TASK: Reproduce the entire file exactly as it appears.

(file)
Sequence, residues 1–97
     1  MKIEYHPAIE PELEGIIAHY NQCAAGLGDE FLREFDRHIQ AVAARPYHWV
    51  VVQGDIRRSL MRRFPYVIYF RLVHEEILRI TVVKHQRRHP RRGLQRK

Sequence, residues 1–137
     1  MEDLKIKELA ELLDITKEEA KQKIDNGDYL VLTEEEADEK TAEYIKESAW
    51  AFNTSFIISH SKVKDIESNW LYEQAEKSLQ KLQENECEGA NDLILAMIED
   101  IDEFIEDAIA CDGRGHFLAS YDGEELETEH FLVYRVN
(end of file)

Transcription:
Sequence, residues 1–97
     1  MKIEYHPAIE PELEGIIAHY NQCAAGLGDE FLREFDRHIQ AVAARPYHWV
    51  VVQGDIRRSL MRRFPYVIYF RLVHEEILRI TVVKHQRRHP RRGLQRK

Sequence, residues 1–137
     1  MEDLKIKELA ELLDITKEEA KQKIDNGDYL VLTEEEADEK TAEYIKESAW
    51  AFNTSFIISH SKVKDIESNW LYEQAEKSLQ KLQENECEGA NDLILAMIED
   101  IDEFIEDAIA CDGRGHFLAS YDGEELETEH FLVYRVN